We knew that Obama, on entering the presidency, was conflicted about the U.S. role in Afghanistan. His lengthy policy review, at the outset of his administration, resulted in his approval of a Pentagon-recommended surge strategy there.  But the surge clearly was seen as a short-term means to achieve stability while, at the same time, planning for later withdrawal. (My view: The U.S. interest would have been better served if the president had ordered a withdrawal at the time of the policy review.)
 
We also knew that Obama, relatively inexperienced in foreign affairs, would want to be sure that the Defense and State departments and the CIA were not freelancing, but instead following his policy guidelines. National Security Council staffs, historically, have kept watch accordingly. Gates would have us believe that such NSC interventions were not only a nuisance, but perhaps dishonorable.


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Comments:

Posted Fri, Jan 10, 8:50 a.m. Inappropriate

And all this started with Brzezinsi/ Carter's destabilization of Afghanistan in 1979 to draw in the Russian bear so he would bloody himself + Reagan + CIA Casey creating the Mujahadin who eventually became Al Queda after they were dropped after having done the job with US provided Stinger missiles in bringing down a lot of choppers. And what arises out of this is ye old Taliban, the expression of utter disgust with the wonders of Modernism that the Brits, the US and the Soviets brought to their ancient world. Alas. An unutterable mess that will be around for generations. Sowing dragons teeth, Uncle Sam is excellent at it.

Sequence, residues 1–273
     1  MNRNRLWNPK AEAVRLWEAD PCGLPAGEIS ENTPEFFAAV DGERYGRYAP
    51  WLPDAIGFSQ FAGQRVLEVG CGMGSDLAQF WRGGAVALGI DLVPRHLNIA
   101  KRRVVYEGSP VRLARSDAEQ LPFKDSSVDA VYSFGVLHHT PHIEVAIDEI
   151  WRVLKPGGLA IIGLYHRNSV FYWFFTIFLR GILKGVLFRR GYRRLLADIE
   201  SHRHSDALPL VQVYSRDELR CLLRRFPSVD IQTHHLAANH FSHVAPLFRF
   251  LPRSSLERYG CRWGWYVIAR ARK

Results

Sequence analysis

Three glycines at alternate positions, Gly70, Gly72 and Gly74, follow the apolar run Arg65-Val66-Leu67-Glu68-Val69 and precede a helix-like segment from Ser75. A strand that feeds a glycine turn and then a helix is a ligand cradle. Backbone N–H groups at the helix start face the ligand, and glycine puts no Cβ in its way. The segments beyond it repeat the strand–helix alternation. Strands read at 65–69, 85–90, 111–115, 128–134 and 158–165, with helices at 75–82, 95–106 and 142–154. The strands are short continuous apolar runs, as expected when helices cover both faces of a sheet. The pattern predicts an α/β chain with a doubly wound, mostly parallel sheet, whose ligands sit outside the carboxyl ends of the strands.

mikerol

Posted Fri, Jan 10, 8:51 a.m. Inappropriate

"...hitting President Obama, Vice President Joe Biden, former Secretary of State Hillary Clinton, National Security Council staff and the U.S. Congress with verbal body blows."

Yes, Biden and Congress come in for scorn, but though Gates also criticizes Obama and Hillary Clinton on some counts, he praises them on others. Further, Gates doesn't just complain about Democrats; he also critiques President Bush's performance.

Posted Fri, Jan 10, 9:49 a.m. Inappropriate

Response to early comments:

The U.S. involvement in Afghanistan began even before Carter/Brzezinski. We really got into the soup when the infamous Rep. Charlie Wilson of Texas worked thru back channels to get Stinger missiles and other weapons into the hands of bin Laden and the Taliban---all in the cause of countering the Soviets. Obama was responding to a Pentagon proposal, supported by Gates, when he agreed to a short-term "surge" in Afghanistan to stabilize the situation prior to a longer-term withdrawal. In this case Gates faults Obama for doing what he urged him to do.

Judy Lightfoot is correct that Gates also faults Bush administration missteps---though not as severely as he critiques those in the current administration. Understandably, media have focused on the incumbent president and his team. In mentioning VP Biden, I said that he was no policy intellectual but was equal to or better intellectually than several recent VPs and VP candidates. I should also have mentioned that his predecessor, Dick Cheney, was regarded as a policy intellectual but had a malign and destructive influence on policy.
Biden is no genius but he is not malign or destructive.